There are five senses that humans rely on: sight, taste, smell, touch and hearing.  These senses are all very important to us, but most animals seem to rely on only a few.  Because a lot of our animals search for food in dark, uncertain conditions where they also need to be aware of lurking predators at the same time, certain senses are heightened in order for them to be successful.  When vision fails, the sense of smell takes over.

 Everyone knows the distinct scent that a skunk emits when they feel threatened – this smell is used to deter predators from eating them.  This method works well against many predators, except the king of the night’s sky: the Great Horned Owl!  Owls’ hearing and vision are so amazing, that they have no need for using their sense of smell when hunting, so therefore, it is less developed than their other senses.  Because the odour of this striped mammal doesn’t affect the owls, they are able to monopolize on the population of skunks as a tasty treat, where other predators run the other way. PEEE YEWWW!!

 If you have ever handled a wild snake, you may have noticed that they emit a similar odour, which they use to protect themselves from harm. This opaque liquid is known as ‘musk’.  Snakes can excrete this musk from their anal glands, and its oily consistency does an excellent job of sticking to the snake’s attacker.  As curious park staff, we come away from encounters with our scaly friends with only stinky hands for a few hours.  But just imagine if you were the unlucky predator that tried to make the snake into a snack. YUCKKKKYYY!! 

 It might be hard to believe, but some fish rely heavily on their senses of smelling and tasting when searching for food.   Brown Bullheads are a common catfish that can be found within Rondeau’s Bay.  These fish are primarily nocturnal and are considered bottom-feeders.  They use their barbels (long whisker-like projections located on their chin) to search through the substrate for edible creatures.  Their smooth, scale-less skin is covered in thousands of tastes buds, which helps them detect food sources that are much farther away than their barbels can reach.  If you’d like a mental picture, try thinking of these fish as a giant, swimming tongue, tasting the flavours of the water which directs them to higher concentrations of food. COOL!!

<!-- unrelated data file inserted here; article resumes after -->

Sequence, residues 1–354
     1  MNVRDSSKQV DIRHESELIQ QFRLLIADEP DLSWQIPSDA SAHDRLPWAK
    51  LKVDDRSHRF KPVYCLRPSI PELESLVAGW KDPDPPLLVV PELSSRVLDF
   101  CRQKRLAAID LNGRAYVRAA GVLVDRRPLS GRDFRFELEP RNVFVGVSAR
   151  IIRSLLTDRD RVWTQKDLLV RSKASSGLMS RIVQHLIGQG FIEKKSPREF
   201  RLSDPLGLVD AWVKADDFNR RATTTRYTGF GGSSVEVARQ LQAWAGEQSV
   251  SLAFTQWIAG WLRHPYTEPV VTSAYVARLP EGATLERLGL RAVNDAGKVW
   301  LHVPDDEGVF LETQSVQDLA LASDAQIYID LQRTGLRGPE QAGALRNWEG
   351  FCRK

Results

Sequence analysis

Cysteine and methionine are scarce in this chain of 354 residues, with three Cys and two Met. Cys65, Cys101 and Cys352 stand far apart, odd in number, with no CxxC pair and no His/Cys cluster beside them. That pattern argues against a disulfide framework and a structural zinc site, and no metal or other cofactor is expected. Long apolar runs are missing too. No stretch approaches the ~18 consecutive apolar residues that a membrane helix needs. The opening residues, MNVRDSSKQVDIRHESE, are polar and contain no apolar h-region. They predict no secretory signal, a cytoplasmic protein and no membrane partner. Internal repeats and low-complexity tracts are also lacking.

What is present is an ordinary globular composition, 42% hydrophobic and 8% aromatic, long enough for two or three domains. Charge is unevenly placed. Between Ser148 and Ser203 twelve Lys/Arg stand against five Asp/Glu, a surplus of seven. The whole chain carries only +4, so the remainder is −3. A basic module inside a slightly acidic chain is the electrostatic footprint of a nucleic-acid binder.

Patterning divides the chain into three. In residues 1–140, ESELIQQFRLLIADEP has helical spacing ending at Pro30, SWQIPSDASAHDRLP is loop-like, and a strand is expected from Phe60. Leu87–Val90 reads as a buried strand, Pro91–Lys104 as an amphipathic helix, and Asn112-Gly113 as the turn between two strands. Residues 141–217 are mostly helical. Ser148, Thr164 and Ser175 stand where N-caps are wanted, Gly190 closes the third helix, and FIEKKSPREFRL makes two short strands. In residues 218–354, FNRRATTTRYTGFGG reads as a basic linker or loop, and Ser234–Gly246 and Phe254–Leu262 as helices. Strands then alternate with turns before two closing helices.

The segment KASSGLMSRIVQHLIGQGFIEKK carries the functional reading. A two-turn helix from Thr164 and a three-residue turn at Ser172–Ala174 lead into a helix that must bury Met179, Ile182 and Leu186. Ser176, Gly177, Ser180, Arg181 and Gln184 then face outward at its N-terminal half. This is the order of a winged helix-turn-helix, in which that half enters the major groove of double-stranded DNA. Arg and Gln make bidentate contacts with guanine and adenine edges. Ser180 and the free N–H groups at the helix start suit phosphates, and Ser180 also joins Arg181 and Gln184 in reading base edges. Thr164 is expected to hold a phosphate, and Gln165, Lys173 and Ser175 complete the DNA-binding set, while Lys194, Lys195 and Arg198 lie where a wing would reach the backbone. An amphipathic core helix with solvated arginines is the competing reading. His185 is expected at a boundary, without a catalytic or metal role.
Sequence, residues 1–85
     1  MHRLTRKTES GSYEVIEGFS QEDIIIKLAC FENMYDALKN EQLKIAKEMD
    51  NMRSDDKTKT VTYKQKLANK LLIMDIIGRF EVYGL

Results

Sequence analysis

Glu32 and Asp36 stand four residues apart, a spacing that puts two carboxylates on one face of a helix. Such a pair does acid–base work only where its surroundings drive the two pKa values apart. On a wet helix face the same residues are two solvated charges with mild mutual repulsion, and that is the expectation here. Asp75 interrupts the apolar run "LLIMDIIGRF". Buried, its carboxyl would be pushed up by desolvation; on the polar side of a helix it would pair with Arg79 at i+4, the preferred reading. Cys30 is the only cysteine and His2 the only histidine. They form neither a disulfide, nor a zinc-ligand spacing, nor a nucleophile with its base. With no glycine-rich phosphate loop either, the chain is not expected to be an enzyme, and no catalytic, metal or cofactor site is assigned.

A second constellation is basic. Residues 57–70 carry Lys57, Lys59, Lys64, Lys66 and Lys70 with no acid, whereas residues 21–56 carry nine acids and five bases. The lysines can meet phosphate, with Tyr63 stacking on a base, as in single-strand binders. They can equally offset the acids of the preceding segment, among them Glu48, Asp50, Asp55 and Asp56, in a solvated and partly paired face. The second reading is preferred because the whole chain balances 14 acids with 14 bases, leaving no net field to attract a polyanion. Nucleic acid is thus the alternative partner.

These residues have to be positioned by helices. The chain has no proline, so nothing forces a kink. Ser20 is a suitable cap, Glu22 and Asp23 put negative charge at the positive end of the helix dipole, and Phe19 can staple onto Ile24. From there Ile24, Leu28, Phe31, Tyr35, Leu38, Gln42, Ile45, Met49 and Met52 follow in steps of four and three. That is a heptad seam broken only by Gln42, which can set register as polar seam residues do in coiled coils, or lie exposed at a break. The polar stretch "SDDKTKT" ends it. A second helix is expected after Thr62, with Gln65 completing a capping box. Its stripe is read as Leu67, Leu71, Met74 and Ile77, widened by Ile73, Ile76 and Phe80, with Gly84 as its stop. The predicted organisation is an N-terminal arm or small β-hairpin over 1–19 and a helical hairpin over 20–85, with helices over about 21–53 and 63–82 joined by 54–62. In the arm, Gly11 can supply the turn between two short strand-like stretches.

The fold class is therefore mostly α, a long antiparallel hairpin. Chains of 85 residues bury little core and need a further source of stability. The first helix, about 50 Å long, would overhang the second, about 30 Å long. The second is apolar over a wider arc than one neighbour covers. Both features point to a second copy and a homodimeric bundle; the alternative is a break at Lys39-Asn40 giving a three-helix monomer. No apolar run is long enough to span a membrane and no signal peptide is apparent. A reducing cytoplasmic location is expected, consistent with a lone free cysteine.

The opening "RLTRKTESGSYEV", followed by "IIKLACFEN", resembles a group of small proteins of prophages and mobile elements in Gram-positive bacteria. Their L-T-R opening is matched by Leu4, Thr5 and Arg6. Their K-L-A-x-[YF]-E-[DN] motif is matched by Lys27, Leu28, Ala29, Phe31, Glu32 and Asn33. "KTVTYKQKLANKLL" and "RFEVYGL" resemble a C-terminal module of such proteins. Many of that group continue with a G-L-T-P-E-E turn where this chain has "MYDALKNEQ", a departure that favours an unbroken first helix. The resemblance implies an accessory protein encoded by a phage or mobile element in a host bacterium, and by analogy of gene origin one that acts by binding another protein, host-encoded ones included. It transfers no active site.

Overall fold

Brown Bullhead

The average visitor to Rondeau mainly uses their sense of sight and hearing to take in the beautiful surroundings.  Why not challenge yourself to experience our beloved park like some of the animals we talked about today.   Try and enjoy the earthy smell of our marsh, the sweet aroma of wildflowers in bloom, or the citrusy scent of the sassafras leaves.
Come learn more about some of these animals in our upcoming programs (see the Events Calendar).

Leave a Reply

Your email address will not be published. Required fields are marked *

Memberships Available
Become a friend of Rondeau today...